Owners Chris Walker and Cliff DeVito purchased the Forest Oaks estate in 2011 and have been diligently working on restoring the property since then.
It was love at first site when the owners first walked into the Manor House, in-spite of the amount of work that would be needed to bring the property back to its original beauty. The transition from their home in Phoenix, Arizona to a rural Virginia lifestyle was seamless since both Chris and Cliff were looking for a change from the desert southwest climate. The
four-season climate, lush vegetation and history of the region was a natural draw. Restoring Forest Oaks has become a passion as is sharing the estate’s beauty and history with the public.
The Manor House was built in 1806 by Matthew Houston who was a cousin of Sam Houston of Texas fame.
The house served as a store and tavern as well as home to the Houston family and the home base for the sprawling plantation. In 1812, Houston expanded the house and incorporated a two-story center hall with a full arched ceiling reminiscent of the nearby Natural Bridge. The house stood virtually unchanged until 1916 when it was purchased by Curtis Walton and his aunt Lilly who transformed the original federal style structure to the grand mansion that it is today.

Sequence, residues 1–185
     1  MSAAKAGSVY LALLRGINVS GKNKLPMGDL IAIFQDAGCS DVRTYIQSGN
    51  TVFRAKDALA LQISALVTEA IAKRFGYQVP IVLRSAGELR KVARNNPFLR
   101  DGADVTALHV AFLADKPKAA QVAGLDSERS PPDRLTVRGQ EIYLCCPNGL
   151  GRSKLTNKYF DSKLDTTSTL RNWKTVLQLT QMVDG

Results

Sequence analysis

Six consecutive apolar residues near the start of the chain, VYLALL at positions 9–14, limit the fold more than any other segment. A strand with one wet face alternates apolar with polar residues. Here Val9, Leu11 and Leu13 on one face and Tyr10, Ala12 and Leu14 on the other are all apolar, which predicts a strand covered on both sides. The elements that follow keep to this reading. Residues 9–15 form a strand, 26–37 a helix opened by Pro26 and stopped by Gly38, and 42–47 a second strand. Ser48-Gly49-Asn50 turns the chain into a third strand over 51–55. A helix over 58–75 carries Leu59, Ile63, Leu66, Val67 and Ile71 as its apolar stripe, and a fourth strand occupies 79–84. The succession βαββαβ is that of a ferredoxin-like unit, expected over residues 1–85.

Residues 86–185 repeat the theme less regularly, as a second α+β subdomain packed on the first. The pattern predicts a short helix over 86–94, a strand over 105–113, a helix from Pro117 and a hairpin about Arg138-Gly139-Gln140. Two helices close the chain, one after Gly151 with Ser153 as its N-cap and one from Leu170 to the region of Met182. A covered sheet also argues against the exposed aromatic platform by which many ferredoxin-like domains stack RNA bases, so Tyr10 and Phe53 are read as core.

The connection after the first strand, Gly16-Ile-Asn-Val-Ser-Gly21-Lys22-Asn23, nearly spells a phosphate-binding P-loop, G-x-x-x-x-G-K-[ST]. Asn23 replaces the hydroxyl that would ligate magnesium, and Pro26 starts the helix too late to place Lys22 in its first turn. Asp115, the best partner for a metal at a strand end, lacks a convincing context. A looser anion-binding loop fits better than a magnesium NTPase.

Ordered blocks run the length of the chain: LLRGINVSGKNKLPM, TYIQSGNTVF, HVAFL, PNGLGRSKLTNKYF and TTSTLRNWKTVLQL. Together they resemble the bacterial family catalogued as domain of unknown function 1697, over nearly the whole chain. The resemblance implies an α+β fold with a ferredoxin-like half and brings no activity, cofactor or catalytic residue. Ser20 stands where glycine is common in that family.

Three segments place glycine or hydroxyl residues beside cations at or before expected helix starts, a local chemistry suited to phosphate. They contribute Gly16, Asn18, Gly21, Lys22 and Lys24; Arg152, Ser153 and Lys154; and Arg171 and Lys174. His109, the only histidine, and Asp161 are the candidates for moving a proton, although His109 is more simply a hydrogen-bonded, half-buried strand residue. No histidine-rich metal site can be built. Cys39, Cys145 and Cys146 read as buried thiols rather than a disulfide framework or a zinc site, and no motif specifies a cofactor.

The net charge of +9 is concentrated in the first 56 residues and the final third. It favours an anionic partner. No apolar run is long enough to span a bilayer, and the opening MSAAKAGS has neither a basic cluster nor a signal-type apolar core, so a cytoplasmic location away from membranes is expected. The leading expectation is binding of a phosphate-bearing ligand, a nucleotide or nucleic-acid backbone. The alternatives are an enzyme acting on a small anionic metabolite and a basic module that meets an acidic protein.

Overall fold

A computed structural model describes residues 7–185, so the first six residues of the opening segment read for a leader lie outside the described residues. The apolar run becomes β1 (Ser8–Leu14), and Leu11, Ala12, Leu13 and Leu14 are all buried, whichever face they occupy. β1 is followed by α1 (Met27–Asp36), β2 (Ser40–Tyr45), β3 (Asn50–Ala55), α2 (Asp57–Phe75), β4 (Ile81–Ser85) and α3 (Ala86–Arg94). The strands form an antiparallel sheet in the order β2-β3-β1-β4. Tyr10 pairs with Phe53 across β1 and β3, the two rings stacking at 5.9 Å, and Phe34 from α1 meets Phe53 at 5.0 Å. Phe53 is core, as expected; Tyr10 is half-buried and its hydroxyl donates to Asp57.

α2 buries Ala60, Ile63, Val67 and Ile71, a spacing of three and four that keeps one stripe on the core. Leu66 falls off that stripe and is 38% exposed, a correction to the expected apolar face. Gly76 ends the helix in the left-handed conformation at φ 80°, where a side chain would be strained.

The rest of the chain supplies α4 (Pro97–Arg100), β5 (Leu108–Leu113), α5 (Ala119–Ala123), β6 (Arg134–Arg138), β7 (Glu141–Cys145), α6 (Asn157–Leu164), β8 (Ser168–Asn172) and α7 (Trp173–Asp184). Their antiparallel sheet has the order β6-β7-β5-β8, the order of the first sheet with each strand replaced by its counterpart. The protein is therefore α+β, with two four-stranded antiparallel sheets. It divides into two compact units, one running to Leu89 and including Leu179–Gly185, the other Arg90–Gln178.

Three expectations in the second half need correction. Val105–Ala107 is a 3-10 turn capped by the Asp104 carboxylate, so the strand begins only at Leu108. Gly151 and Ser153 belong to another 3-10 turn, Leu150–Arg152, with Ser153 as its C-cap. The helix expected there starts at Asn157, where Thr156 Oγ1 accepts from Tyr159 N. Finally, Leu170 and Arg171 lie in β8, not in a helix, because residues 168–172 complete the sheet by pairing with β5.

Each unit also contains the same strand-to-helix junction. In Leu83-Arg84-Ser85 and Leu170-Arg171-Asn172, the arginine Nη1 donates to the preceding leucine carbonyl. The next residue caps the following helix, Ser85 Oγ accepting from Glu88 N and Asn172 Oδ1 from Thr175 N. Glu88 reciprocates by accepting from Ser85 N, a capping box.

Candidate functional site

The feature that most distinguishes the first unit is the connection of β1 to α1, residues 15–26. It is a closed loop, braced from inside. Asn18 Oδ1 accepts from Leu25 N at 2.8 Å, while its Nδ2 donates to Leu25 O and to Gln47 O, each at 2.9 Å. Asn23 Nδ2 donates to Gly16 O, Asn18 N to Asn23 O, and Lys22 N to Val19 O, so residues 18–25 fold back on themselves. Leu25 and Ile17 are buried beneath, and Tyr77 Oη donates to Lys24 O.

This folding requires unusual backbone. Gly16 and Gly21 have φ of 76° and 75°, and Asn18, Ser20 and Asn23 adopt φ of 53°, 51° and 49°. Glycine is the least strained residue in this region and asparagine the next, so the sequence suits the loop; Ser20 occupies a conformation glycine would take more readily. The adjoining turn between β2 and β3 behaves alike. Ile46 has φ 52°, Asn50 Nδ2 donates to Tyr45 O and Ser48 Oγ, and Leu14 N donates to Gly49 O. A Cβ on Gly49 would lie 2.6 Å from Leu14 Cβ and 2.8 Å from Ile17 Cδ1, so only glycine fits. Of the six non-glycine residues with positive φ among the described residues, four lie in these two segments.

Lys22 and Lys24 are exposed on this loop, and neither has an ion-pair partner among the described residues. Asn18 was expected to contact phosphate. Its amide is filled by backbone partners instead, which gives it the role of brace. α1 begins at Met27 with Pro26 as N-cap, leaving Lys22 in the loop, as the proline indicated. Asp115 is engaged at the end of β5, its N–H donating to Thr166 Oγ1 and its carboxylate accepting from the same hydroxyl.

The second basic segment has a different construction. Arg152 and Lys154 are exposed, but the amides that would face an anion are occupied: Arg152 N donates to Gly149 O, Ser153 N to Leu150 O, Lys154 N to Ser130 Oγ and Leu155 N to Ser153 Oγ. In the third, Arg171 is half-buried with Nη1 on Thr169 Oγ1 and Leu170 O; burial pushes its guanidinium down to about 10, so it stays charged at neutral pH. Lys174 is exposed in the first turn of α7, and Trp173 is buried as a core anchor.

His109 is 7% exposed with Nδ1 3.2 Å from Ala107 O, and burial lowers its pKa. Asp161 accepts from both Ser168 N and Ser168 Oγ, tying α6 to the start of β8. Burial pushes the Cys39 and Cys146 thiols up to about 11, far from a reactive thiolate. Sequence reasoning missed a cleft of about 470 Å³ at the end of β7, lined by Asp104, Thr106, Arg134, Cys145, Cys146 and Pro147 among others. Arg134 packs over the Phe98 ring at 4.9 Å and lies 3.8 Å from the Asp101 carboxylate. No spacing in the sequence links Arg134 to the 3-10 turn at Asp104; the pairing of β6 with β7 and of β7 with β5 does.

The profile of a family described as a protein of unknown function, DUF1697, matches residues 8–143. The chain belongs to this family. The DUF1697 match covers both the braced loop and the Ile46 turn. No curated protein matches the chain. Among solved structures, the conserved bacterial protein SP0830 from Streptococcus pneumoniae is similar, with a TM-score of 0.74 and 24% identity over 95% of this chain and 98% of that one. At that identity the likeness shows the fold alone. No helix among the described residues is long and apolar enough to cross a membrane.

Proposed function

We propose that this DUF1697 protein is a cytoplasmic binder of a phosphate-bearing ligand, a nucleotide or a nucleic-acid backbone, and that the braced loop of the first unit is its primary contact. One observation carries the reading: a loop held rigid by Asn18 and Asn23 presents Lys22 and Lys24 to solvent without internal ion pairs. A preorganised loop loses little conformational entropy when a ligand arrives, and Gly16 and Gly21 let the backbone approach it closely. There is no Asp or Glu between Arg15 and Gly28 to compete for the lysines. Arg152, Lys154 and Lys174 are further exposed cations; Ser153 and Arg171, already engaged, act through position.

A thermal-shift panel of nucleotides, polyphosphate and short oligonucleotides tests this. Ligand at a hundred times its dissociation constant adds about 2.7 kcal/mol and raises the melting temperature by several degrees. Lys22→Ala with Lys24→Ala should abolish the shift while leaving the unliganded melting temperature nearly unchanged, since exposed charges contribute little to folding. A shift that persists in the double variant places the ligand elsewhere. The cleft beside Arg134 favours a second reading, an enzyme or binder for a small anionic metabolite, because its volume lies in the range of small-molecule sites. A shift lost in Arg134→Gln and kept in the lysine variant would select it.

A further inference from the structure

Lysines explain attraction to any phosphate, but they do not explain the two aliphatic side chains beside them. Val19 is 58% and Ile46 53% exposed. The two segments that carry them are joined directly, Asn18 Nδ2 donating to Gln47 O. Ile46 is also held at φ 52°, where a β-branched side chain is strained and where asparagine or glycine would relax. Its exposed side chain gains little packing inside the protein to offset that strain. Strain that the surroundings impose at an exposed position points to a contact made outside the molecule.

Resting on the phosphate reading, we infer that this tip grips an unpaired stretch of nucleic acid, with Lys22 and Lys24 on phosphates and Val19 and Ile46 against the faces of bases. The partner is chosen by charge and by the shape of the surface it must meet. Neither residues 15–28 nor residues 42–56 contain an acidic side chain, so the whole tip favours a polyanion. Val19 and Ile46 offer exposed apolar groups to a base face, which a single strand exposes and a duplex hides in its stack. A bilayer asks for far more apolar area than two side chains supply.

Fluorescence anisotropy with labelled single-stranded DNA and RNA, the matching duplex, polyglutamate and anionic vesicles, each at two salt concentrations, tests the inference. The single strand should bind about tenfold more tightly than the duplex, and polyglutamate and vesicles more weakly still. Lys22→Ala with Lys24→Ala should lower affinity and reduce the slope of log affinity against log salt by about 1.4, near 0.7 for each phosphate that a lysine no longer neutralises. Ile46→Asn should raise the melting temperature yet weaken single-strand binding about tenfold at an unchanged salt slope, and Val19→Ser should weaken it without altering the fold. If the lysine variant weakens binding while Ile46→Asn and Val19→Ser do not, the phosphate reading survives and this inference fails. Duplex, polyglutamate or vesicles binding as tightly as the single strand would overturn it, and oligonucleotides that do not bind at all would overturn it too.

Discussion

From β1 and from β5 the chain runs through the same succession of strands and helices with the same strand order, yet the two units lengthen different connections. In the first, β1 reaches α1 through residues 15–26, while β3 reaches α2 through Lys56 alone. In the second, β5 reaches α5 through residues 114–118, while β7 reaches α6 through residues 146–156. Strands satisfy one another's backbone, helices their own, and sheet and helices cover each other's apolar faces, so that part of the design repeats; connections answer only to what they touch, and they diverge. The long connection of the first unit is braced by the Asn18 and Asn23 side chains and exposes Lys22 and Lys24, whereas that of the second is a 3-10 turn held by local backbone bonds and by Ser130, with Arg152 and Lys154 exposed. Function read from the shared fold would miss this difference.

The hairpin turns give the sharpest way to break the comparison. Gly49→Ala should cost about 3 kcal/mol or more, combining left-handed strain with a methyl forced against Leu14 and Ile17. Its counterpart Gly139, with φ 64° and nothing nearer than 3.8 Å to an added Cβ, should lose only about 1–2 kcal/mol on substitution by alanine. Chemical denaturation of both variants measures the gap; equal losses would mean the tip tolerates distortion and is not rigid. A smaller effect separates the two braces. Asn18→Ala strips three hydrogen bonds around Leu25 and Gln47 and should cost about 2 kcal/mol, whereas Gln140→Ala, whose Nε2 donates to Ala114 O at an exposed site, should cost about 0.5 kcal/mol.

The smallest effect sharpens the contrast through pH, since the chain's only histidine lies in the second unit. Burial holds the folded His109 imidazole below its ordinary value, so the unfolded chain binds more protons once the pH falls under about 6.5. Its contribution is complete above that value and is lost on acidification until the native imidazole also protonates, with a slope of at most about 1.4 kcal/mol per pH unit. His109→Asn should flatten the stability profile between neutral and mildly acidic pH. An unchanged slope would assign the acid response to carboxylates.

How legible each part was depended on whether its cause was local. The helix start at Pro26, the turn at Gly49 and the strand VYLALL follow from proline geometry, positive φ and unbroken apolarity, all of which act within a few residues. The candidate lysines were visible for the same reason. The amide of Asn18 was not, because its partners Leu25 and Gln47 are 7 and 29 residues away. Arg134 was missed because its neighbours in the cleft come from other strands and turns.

The two-story center hall remained, however, the arched ceiling was removed and replaced with stunning oak woodwork and arches which were brought from England. In addition, the Walton’s built three Greek revival cottages on the property, one of which served as their temporary home as the Manor House was renovated. Two of the cottages have been restored as vacation rentals and the third is scheduled for restoration in 2017 as an antique and country store.
Thomas Jefferson purchased 157 acres of land including the Natural Bridge from King George III of England for 20 shillings in 1774. He called it “the most Sublime of nature’s works”.
Jefferson built a two room log cabin, with one room reserved for guests, beginning its use as a retreat. While President, in 1802, he personally surveyed the area. Many famous guests stayed here, including John Marshall, James Monroe, Henry Clay, Sam Houston, and Martin Van Buren. Natural Bridge was one of the tourist attractions of the new world that Europeans visited during the 18th and 19th centuries.
Vacationing guests from all over the world took day trips from Natural Bridge on horseback or horse-drawn carriages to explore the countryside. The Natural Bridge has remained under private ownership until 2016 when it was acquired by the Commonwealth of Virginia as a state park. The historic and scenic location will now be preserved for posterity and remain open to the public just as Thomas Jefferson had desired.